What is new, however, is the ideological rigour and determination with which the Harper Conservatives have acted to achieve their agenda by exploiting every one of the multiplicity of democratic flaws which have always existed in our old and outmoded constitutional system. Earlier, Liberal and Progressive Conservative governments did exploit these same democratic shortcomings to their occasional advantage, but, being less ideological and more consensual in their approach to governance, they did not attempt to use them to alter or remake the political status in any radical way.

Consensus and compromise were the operative Canadian political values for most of this period and whatever role ideology played in this process was left to marginal parties on the political right or left. There were, to be sure, heated debates, but, even here, the Progressive Conservatives could go from confirmed opponents of free trade to exponents of it and the Liberals vice versa indicating that ideological rigour was not the defining element in their political response to issues.

When the Reform Party and the right wing rump of the former Progressive Conservative party morphed into the Conservative Party, the populism and democratic inclinations of the Reform Party quickly gave way to the ideological thrust of the right wing conservative faction led by Stephen Harper. This is precisely the point at which the old political Canada and the new political Canada converged with the emergence of new right-wing ideologically driven party within an old and badly flawed Canadian constitutional structure devoid of any strong democratic principles or protections to confront this new political development. The results were predictable, although it took some time before the new Conservative Party agenda, often referred to initially by their opponents as their "hidden agenda," could be put in place. Even with the election of Conservative minorities in 2006 and 2008 and, despite the weakness of the opposition, the Harperites kept their ideological tendencies in check and adopted a kind of populist and relatively mainstream governing style. In fact, they spent liberally and, in general, with a few concessions to their populist and ideological base, they stayed largely within the traditional mainstream of Canadian politics. This undoubtedly was a strategic longer term consideration as well as a practical necessity as any aggressive or radical political initiatives might have insured a hasty Parliamentary defeat on an issue that might not have the support of the necessary 37% of the Canadian electorate they needed.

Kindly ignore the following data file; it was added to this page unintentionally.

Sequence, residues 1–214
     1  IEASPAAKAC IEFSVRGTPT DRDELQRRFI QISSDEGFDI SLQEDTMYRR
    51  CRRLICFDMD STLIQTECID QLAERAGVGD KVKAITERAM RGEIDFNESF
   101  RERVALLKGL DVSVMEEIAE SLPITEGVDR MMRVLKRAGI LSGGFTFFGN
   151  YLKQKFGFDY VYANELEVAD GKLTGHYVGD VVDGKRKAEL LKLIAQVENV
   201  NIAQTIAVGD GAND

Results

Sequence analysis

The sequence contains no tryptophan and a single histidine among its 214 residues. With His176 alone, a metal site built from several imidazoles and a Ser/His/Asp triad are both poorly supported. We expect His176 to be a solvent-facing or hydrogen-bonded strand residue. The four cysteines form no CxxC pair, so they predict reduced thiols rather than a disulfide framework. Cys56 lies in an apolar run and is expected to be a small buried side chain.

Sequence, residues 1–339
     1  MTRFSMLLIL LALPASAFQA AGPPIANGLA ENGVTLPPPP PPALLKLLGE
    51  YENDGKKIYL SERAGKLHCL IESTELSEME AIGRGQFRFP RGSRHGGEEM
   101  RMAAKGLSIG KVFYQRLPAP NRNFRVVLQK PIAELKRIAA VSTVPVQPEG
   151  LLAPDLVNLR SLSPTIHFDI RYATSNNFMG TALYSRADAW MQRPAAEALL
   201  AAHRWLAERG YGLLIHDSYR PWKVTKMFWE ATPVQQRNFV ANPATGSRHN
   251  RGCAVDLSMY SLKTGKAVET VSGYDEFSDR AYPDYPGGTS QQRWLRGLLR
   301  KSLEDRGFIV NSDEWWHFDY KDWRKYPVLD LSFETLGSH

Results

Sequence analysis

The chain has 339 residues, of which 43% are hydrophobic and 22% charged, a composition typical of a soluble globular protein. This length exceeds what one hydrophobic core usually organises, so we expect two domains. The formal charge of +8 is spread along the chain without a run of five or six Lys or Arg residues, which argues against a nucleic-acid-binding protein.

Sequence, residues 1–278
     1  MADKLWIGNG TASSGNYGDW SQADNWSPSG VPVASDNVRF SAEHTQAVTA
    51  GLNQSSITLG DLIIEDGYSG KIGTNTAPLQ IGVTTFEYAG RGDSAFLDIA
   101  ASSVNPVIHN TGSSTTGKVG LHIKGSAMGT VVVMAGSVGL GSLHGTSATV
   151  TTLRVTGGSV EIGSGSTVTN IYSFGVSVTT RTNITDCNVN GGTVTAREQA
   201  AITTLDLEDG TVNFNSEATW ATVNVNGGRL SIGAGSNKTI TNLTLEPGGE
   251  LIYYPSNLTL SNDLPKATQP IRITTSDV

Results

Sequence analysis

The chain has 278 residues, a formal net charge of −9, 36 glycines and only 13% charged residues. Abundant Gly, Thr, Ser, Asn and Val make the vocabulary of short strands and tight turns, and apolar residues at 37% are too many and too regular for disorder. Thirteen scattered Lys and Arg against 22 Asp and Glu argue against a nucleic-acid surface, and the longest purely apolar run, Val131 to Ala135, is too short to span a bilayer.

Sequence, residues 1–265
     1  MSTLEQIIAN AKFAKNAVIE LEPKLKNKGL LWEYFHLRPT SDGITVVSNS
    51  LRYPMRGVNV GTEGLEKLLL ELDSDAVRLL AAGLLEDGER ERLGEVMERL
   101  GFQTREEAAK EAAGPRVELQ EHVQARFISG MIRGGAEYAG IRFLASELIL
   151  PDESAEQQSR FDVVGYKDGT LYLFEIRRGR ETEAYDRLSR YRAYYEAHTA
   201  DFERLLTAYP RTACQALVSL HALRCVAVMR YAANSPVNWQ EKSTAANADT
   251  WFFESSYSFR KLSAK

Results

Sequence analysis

Suffice it to say, Conservative patience was rewarded in 2011 when they received their 39% majority and were finally in the position whereby they could fully exploit the democratic deficits in our flawed constitution and begin to drive their ideological right wing agenda straight through it. In fact, their election victory itself in 2011 relied a great deal on a staple component of good old Canadian political values, i.e., the preference for majority governments over minority ones and our seeming dislike of or unfamiliarity with coalition governments. The persistence of the latter values may also explain why constitutional change and even the demand for such changes in Canada have lagged far behind other democracies including several with the same British antecedents as ours. The Canadian electorate has traditionally and continues to prefer authority and certainty in government over democracy and the uncertainty that sometimes goes with it. Until this belief changes, we are likely to continue to have "majority" governments of the sort we currently have for some time to come. This, combined with the democratic shortcomings implicit in our outdated constitution, means that any government, but particularly and dangerously so when it comes to ideological driven ones like the present regime, will be able to remake the country in whatever image they like in the course of the five year "mandate" they are able to achieve with the votes of a minority of the Canadian electorate